The sequel to Eminem’s most iconic album begins with a sequel to his most iconic song. In “Bad Guy,” we learn that the titular character from Em’s 2000 hit “Stan” has a brother who is also obsessed with Marshall Mathers. (Students of sequels will notice the resemblance to Jeremy Irons’s Hans Gruber–avenging character in Die Hard With a Vengeance.) Like “Stan,” “Bad Guy” unfolds as a first-person narrative told from the diseased perspective of Eminem’s stalker. The song, in essence, is the paranoid fantasy of rap’s most famous recluse. Em imagines Stan 2.0 driving around for hours in order to find his address. He sees his deranged admirer skulking around his driveway with a knife. In a novelistic flourish, he informs us that the guy’s “mouth is full of saliva” as he circles the house. Eminem is the best-selling hip-hop artist in human history, and he apparently envisions his most devoted fans in terms normally reserved for psychopaths and Doberman pinschers.
If you know “Stan,” you can probably guess what happens from here. (It involves a car trunk and lots of self-aware shouting.) But Eminem is nothing if not an accomplished showman, and he makes sure to throw in a couple of twists to ensure that The Marshall Mathers LP 2 is distinguishable from its predecessor. “Bad Guy” ends with Eminem’s paranoia folding in on itself — his would-be killer is revealed to be a metaphor for Eminem’s insecurity, because Eminem’s insecurity is like the sun in Eminem’s universe. Without it, none of this would exist. Debbie, his absentee father, the bullies from high school, Kim, other nameless “bitches,” “faggots,” haters, the omnipresent specter of failure — all of the old tormentors are back in “Bad Guy” to threaten whom the lyrics describe as “the biggest laughingstock of rap who can’t call it quits.”
The reality, of course, is that there is no Stan, no Stan’s brother, and no tormentors in “Bad Guy.” There’s only room for one person in Eminem’s songs, and that’s Eminem — he is always the bad guy and the good guy and every other guy in his art. He won’t let anybody else get close. As rap’s reigning Citizen Kane figure, Eminem wields great power and influence from a distant, secluded Xanadu. The Marshall Mathers LP 2 is meant to remind us that he’s still a presence in pop music even if he’s no longer exactly present. Even on a record that ostensibly revisits a moment when he was unquestionably at the center of youth culture, Eminem remains safely sequestered at an undisclosed location.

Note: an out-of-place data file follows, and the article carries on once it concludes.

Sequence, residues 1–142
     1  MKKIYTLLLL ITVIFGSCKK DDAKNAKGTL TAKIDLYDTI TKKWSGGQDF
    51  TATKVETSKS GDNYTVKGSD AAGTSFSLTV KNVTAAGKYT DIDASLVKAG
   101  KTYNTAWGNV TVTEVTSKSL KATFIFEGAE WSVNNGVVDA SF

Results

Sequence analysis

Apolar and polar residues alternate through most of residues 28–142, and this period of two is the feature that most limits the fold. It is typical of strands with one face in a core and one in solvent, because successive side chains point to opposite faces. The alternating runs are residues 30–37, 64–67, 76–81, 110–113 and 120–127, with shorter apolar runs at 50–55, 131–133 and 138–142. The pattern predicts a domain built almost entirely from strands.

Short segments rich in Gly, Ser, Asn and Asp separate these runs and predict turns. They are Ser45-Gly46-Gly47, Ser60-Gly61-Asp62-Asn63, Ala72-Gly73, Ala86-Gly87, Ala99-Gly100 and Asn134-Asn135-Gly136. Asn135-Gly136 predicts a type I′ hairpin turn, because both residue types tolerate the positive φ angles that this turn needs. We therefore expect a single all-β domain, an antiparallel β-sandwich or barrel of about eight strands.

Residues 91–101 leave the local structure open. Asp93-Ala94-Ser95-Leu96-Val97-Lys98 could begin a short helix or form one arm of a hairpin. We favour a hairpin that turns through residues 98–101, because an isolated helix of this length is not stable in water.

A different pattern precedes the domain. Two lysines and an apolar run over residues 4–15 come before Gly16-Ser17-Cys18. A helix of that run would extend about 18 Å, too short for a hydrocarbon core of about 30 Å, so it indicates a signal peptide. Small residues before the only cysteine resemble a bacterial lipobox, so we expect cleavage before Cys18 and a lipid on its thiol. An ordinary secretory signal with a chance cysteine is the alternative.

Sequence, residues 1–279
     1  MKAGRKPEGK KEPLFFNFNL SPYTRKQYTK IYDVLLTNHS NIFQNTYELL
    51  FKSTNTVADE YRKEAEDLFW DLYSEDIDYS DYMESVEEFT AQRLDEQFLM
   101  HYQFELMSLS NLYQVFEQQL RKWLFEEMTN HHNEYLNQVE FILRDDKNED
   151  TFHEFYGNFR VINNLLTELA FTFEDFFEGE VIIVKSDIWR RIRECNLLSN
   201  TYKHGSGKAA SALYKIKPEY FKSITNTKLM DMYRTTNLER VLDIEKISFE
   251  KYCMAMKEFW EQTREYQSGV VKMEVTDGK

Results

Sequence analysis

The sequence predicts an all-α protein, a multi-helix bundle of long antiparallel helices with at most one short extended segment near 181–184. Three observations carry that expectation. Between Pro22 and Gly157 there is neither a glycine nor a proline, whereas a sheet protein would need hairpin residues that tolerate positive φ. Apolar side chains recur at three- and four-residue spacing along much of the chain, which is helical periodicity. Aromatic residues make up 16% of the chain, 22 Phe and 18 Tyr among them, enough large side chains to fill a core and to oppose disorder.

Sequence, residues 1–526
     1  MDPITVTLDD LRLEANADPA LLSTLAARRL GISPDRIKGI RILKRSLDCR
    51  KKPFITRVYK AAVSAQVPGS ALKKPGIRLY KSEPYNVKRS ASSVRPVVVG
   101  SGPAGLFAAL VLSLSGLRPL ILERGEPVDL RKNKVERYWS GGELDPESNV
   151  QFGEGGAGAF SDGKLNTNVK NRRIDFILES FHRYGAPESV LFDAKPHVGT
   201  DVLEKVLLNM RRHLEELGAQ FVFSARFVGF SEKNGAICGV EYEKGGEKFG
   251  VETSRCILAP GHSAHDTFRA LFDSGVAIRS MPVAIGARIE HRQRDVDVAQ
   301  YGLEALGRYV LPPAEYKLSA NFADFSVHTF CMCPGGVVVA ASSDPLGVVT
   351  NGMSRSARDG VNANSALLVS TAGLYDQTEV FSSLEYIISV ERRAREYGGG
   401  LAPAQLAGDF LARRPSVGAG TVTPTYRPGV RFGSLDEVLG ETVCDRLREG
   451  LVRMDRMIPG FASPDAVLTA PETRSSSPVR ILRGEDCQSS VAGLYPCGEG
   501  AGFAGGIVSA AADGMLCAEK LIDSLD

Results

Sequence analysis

Releasing a sequel to your biggest album is hardly unprecedented in hip-hop.1 Jay Z legitimized the practice by turning The Blueprint into a trilogy in the ’00s. More recently, the underground rap supergroup Deltron 3030 released Event 2, a self-described sequel to its acclaimed 2000 debut, in October. Last year, Lupe Fiasco put out the confusingly titled Food & Liquor II: The Great American Rap Album Part 1, only to announce a few months later that plans for The Great American Rap Album Part 2 had been canceled. (Though this doesn’t necessarily rule out a Food & Liquor III.) Looking ahead, Ghostface Killah might finally finish Supreme Clientele 2, and Redman is supposedly close to releasing Muddy Waters 2. The Marshall Mathers LP 2 slots next to these records, but it’s not a totally comfortable fit. The best reference point for LP 2 isn’t a rap record at all but rather Welcome 2 My Nightmare, Alice Cooper’s 2011 addendum to his career-defining 1975 concept album. Similar to how Cooper revived his most “shocking” guise years removed from a context where it had any semblance of danger, Eminem is consciously hearkening back to the zeitgeist-iest period of his career at a time when his place in pop culture is curiously difficult to discern.